Stop Should-ing on Yourself
What if we never felt we SHOULD eat better or exercise more or do yoga or meditate?
What if we simply craved all of the things we know make us feel healthy and vibrant?
Likelihood is healthy living would be a whole lot easier. In fact, living would be a whole lot easier.
So why can’t we just crave the things that make us feel our best?
Recently I’ve been studying more about habit change. Learning what enables us stick to practices and what sets us up for failure.
Looking at this, speaking with friends and students and reflecting on my own path of habit transformation, I’ve started to see that this one little word “should” is more of a roadblock than a on-ramp to healthy living.
Often the most simple and obvious things are also the most elusive.
When we are rewarded by something our mind starts to create a desire for it.
One brilliant blogger I follow, James Clear, says to successfully change a habit we need to either reward ourselves each time we do the new action with positive self talk or acknowledge the benefits of that new action.
This motivates us to repeat the new action, until ultimately it becomes a habit.
The irony is that when most of us try to change our life, it’s accompanied by a barrage of self criticism and a list of should’s that feel far from rewarding.
We tend to go for the new change gun-ho and follow up each attempt with what we should have done more of or different to be better or progress faster.
Each time we do this our mind feels punished for our efforts and rather than creating a desire for the healthy habit, we actually cultivate resistance around it.
On the flip side of the same coin is our affinity to SHOULDN’T when trying to improve our life and health. I shouldn’t eat that chocolate or drink that wine or stay up too late.
While this might be true, when we repeat like a mantra the things we know make us feel less than optimal, what happens? Those very things stay in the forefront of our mind, and by thinking about them more we end up craving them more.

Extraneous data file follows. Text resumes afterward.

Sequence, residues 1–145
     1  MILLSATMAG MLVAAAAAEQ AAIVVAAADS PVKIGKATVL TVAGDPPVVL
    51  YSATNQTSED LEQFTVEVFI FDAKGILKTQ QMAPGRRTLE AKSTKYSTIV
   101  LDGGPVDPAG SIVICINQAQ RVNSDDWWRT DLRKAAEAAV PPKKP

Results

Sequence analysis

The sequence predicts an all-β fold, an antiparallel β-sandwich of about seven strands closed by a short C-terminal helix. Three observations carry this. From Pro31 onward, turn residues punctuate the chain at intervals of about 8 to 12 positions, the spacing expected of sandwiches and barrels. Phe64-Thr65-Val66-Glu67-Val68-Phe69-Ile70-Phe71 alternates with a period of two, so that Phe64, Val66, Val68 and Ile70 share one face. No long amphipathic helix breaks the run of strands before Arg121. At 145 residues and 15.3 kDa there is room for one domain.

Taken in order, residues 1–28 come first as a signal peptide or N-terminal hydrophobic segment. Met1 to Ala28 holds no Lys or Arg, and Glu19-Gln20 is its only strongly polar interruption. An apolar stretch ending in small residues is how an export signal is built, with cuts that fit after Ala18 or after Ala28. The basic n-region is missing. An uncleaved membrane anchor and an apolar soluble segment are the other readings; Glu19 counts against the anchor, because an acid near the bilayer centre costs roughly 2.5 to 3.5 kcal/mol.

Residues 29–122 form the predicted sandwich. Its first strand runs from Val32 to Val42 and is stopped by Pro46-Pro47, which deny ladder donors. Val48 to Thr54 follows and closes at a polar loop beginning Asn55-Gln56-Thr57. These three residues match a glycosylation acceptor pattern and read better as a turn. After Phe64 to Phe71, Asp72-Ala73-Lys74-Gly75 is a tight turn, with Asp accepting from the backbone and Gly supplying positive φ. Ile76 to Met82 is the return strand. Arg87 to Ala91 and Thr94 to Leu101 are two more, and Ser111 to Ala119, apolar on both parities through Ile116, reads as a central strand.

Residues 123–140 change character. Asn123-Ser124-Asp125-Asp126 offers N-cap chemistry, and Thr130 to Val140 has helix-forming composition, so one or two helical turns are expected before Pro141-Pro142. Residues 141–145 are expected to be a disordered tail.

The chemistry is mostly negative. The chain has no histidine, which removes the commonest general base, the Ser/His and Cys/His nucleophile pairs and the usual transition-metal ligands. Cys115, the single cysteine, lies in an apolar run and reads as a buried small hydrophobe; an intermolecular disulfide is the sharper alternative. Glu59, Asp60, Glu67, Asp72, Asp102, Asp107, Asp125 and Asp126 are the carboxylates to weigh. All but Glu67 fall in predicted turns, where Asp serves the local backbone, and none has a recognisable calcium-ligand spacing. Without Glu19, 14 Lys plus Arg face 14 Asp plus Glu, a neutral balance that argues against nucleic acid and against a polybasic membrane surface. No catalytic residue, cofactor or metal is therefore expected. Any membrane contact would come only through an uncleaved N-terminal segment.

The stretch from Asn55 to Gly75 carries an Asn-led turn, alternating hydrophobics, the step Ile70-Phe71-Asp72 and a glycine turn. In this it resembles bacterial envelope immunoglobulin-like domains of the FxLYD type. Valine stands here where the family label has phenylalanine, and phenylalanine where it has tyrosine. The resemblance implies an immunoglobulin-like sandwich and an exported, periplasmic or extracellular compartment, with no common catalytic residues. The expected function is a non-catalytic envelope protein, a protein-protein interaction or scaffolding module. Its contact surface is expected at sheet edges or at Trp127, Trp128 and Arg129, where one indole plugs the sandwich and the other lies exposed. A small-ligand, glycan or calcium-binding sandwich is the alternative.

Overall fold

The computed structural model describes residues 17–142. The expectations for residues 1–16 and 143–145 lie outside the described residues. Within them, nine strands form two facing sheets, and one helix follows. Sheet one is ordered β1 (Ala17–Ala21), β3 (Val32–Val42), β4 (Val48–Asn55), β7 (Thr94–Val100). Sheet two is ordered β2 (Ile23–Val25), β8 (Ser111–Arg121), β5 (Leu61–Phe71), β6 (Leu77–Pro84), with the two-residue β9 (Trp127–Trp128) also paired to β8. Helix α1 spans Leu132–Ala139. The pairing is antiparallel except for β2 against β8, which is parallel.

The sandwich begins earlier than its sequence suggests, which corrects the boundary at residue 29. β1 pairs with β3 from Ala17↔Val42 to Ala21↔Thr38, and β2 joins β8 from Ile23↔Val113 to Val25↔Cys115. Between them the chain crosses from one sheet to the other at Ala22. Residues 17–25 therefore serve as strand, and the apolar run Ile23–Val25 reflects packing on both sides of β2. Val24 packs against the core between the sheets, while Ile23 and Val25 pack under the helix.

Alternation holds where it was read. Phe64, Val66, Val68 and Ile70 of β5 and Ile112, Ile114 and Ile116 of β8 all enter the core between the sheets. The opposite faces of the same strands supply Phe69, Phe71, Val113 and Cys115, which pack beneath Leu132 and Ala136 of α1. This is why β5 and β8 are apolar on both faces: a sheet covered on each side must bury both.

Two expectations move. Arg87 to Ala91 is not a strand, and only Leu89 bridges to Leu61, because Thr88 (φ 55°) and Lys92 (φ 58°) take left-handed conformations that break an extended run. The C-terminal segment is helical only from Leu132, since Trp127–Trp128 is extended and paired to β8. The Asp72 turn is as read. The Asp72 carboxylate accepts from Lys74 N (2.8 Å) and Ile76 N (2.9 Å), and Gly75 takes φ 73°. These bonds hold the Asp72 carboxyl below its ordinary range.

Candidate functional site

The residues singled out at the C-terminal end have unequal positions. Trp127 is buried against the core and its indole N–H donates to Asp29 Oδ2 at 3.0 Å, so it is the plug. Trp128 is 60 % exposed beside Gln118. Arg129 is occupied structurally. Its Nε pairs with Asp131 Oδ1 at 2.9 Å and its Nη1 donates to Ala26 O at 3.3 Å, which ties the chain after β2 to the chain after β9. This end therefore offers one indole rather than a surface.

So how can we acknowledge the habits we don’t want and make changes toward those we do want without should-ing on ourselves?
The first step is to focus on the positive changes we’re already attracted to and very slowly and incrementally reinforce this change.
Trying to change too much too quickly is a sure plan for failure. Instead we want to teach our mind to desire and crave these positive changes, but if it’s too hard our mind will only build a pattern of resistance.
Clear says we should plan for failure when attempting to change our patterns and have a strategy for getting back on track.
If we recognize that getting off track is just part of being human and part of our individual evolution we stay out of negative self talk and instead stay connected to our deeper desires for health and happiness.
What separates top performers from everyone else is that they get back on track very quickly.
Not only is relapsing a part of the process of change for EVERYONE, but it can also powerfully reinforce the new lifestyle.
My mom shared a great story with me recently that demonstrated this perfectly.
She and my stepdad have been focused on healthy eating for quite a few years now, but before that ate the standard American diet (not so healthy).
One night recently they decided they were sick of health food and went out for a nice Italian meal with lots of cheese, wine, pasta and meat. Because they’ve been eating so cleanly the meal hit them both like a ton of bricks.
They felt heavy and awful and it made them crave the light clean meals more than ever. This is what we want!
We want to want the new habit, not feel like we should do it. When it becomes a craving and desire then it becomes effortless and enjoyable, not a chore.
When cultivating a yoga practice what we’re really doing is cultivating the desire to practice yoga.
When I first started yoga over 10 years ago I got my fix going to class twice a week. Then the desire grew to more and more classes, then to a daily Mysore morning practice, then to workshops, my own home practice and teacher training.
There were many times between all of this that I got off track and each time I got back on track I fell even more in love with yoga. Now I can’t imagine going a day without my yoga, breath work and meditation practice.
This evolution hasn’t come from a should base mindset, the dedication comes from wanting to do the practice to feel the rewards (it makes me feel good). I don’t worry much about doing it perfectly but just know what ever bit of practice I can do will make me feel better.
What makes you desire your practices rather than see them a chore on the should do list?
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